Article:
Strict state firearm policies are associated with significantly lower rates of suicide and homicide compared with states with more lenient legislation, according to findings from a cross-sectional analysis published in JAMA Internal Medicine.

Investigators evaluated the rates of firearm, non-firearm, and total homicide and suicide deaths in 3108 counties in the 48 contiguous states, using data obtained from the US Centers for Disease Control and Prevention (CDC) for firearm suicide and homicide decedents. Specifically, the investigators compared incidence rates between groups of counties and a reference group, as well as counties with high home state and interstate policies. States with restrictive gun policies typically had laws requiring a license to purchase firearms, background checks for private sales, restriction of multiple firearm sales, and reporting loss or stolen firearms. The interstate policy score was calculated for each county included in this analysis, with a range of -1.33 to 8.31 (higher scores: stricter legislation in nearby states).

Overall, strong state firearm laws were associated with significantly lower firearm-related suicide rates as well as lower overall suicide rates. Conversely, states with lax or more lenient state firearm laws demonstrated higher firearm-related suicide rates. Similar rates were observed across levels of interstate policy score (low: incidence rate ratio [IRR] 1.34; 95% CI, 1.11-1.65; medium: IRR 1.36, (95% CI, 1.15-1.65; and high: IRR 1.43; 95% CI, 1.20-1.73).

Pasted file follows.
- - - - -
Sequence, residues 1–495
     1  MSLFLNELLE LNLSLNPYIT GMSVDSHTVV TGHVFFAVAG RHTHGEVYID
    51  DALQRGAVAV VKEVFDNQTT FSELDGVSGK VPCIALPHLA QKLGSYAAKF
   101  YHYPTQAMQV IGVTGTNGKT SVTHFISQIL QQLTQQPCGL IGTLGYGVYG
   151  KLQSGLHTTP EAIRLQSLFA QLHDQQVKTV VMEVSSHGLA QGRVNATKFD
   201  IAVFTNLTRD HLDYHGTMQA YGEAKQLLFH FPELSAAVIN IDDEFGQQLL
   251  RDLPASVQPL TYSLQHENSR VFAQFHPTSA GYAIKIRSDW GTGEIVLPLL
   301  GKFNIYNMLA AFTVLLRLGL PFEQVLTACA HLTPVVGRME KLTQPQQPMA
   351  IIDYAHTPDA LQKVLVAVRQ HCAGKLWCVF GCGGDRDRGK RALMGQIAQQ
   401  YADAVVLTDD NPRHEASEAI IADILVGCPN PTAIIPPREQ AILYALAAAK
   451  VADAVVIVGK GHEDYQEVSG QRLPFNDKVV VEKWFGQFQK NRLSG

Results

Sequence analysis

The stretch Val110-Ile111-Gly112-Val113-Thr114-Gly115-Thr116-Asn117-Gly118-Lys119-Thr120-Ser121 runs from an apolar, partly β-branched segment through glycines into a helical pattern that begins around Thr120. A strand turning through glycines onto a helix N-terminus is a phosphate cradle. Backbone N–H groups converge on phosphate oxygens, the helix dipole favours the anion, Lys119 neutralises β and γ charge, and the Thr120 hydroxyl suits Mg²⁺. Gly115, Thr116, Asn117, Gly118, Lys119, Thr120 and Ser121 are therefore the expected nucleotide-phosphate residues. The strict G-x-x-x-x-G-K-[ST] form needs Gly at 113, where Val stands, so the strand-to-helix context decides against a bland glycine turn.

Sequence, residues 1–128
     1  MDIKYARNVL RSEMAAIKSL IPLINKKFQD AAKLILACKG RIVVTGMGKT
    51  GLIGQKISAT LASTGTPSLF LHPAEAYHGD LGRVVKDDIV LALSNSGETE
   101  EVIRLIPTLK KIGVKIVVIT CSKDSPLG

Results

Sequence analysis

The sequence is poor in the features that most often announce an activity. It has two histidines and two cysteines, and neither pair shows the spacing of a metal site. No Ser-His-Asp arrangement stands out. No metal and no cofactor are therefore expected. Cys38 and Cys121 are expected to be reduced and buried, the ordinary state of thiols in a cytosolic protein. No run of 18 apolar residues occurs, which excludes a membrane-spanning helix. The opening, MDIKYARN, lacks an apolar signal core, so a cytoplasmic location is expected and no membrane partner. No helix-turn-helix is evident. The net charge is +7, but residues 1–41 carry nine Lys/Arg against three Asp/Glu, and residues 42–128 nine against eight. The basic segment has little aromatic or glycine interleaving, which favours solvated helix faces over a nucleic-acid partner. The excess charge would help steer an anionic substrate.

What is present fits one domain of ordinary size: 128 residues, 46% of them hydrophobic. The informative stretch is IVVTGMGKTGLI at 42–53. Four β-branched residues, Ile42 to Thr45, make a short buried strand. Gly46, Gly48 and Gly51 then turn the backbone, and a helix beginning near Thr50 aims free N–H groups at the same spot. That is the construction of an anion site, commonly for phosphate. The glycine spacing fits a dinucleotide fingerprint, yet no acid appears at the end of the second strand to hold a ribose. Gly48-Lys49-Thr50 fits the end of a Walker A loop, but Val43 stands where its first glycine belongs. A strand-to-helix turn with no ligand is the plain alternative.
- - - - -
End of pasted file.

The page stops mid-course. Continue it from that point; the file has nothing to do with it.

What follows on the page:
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Higher homicide rates in counties were associated with a higher percentage of households receiving public assistance (2.54% [range 0.00-24.83]), a higher percentage of black (8.94% [range 0.00-85.91]) or Hispanic (8.69% [range 0.00-95.68]) residents, a greater number of households headed by women (16.93% [range 0.00 to 52.09]), and a higher percentage of residents age ≥25 who did not complete high school (15.06% [range 1.27 to 53.28]).

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The counties featuring low state and low or medium interstate policy scores demonstrated the highest rates of firearm-related homicide (IRR 1.38; 95% CI, 1.02-1.88) and higher overall rates of homicide (IRR 1.32; 95% CI, 1.03-1.67). In the event of high interstate firearm policies in states with low firearm policy scores, counties in these states had lower firearm-related homicides.

Due to the study’s cross-sectional design, the investigators were unable to determine a association between firearm state policies and firearm deaths. Also, the investigators did not adjust for municipalities that had stronger firearm restrictions than the states in which they resided.

Findings from this analysis support “strengthening state firearm policies to reduce the incidence of both firearm suicide and homicide, with benefits that may extend across state lines.”


Kaufman EJ, Morrison CN, Branas CC, Wiebe DJ. State firearm laws and interstate firearm deaths from homicide and suicide in the United States: A cross-sectional analysis of data by county [published online March 5, 2018]. JAMA Intern Med. doi:10.1001/jamainternmed.2018.0190.